Martha Wainwright’s Fiery Memoir is a Must-Read
The gifted songwriter's new book is a heartfelt and freewheeling tell-all about Canada's most famous folk family.
Photo: Courtesy of Martha Wainwright
Martha Wainwright has mother issues. And father issues. And brother issues. Her push-pull, hot-cold, love-hate relationships with her family members provide the fuel for her new memoir, Stories I Might Regret Telling You, a freewheeling tell-all the likes of which we rarely see in the age of publicist-muzzled celebrities. Wainwright, a gifted songwriter with a voice that sounds like Kate Bush after a late night in a smoky club, has released nine albums. She’s also famously the daughter of folk singers Loudon Wainwright and the late Kate McGarrigle and the sister of the baroque troubadour Rufus Wainwright. Her memoir lays bare both her aching adoration for her family and her many, many grievances. In Wainwright’s telling, the wholesome Canadian icon McGarrigle insults her daughter in one breath and consoles her in the next. Her rakish father admits he pressured Martha’s mother to get an abortion instead of have her. Rufus is her closest ally as well as her rival, both for their parents’ love and the public’s attention.
Wainwright comes across as a bohemian raconteur who darts around in time and makes digressions within digressions. She traipses from her mother’s sprawling Victorian house in the Anglo suburb of Westmount in Montreal to her father’s London flat in Hampstead Heath. She recounts her years taking drugs and playing gigs in the Chelsea Hotel and the East Village in the ’90s and early 2000s. She catalogues her love affairs and hook-ups and the challenges of balancing music and motherhood (she has two children). But it always comes back to her family of origin. Back to her competitiveness with Rufus and her envy of his closeness with Kate. Back to the time her mother told Martha she was mediocre and unintelligent, and Martha responded by shoving Kate to the ground. Back to when she learned that her father’s song “I’d Rather Be Lonely” was about her and the time they’d lived together. “I kept my dad from doing what he really wanted to be doing, which was music and being by himself,” she says.
Where most families might bury their feelings or seek out group therapy, the McGarrigle-Wainwright clan have spent decades airing their feuds in their searing songs—and now, in this equally acidic memoir. Martha’s first hit song, whose title is too vulgar to be printed in these pages, was inspired by her futile attempts to win Loudon’s love (she now says it could be about a number of men she’s known). “I will not pretend, I will not put on a smile, I will not say I’m all right for you,” she sings.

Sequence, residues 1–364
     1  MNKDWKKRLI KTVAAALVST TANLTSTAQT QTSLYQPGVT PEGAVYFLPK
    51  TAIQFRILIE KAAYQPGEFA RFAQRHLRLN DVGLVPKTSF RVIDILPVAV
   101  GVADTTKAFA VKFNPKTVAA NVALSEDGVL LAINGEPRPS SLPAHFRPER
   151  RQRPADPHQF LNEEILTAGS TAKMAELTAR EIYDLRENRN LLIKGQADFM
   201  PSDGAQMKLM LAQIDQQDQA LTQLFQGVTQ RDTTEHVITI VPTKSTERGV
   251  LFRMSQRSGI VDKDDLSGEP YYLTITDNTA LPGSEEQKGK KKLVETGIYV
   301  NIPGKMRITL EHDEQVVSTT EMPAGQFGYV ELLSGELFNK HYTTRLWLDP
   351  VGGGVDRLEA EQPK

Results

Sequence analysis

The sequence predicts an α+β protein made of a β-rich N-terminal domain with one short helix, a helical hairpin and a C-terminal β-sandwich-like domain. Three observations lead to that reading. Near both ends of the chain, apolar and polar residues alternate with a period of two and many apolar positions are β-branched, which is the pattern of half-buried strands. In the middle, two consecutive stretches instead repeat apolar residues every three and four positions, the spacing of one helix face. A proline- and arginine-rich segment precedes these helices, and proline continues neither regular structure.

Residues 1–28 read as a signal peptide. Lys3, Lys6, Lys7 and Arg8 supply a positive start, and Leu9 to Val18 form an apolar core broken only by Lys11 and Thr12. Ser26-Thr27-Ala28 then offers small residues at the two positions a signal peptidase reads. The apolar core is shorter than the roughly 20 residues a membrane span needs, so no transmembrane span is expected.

Taken together, these works are as much about the family’s dirty laundry as they are about their intense bond. And by the end of the book, Martha seems to have come to terms with her place in this Greek tragedy. “[We are] a broken family whose members hang on tight to each other nonetheless,” she writes. “We fight, but we make up relatively quickly. We try not to hold grudges, but it’s hard not to.”
By processing their pain so publicly, the McGarrigle-Wainwrights have done something remarkable: they’ve turned their squabbles and resentments into a vast musical mythology, a web of lore haunted by jealousy, casual cruelty and things previously unsaid. Their songs, and Martha Wainwright’s deep gash of a memoir, speak to each other and to their audience, each new entry made more poignant by its connection to the previous ones. It’s a powerful collective reckoning—and a canny publicity ploy. Because more than most famous Canadian music families, we know these people. We care. We’re invested. “Journalists often ask if music is something I was ‘made’ to do,” Martha writes. “The answer is yes, I was made to do it by my parents, but I liked it and I wanted the attention.” Decades after it all first began, we’re still listening.
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